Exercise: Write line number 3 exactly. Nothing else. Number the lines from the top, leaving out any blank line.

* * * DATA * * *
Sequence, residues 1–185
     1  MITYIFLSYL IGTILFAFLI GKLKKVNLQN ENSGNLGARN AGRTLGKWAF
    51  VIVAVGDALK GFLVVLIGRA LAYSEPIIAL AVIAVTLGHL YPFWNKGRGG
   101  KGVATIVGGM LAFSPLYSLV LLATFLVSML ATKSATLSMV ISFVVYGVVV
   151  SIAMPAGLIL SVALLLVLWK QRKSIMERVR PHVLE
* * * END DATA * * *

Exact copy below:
    51  VIVAVGDALK GFLVVLIGRA LAYSEPIIAL AVIAVTLGHL YPFWNKGRGG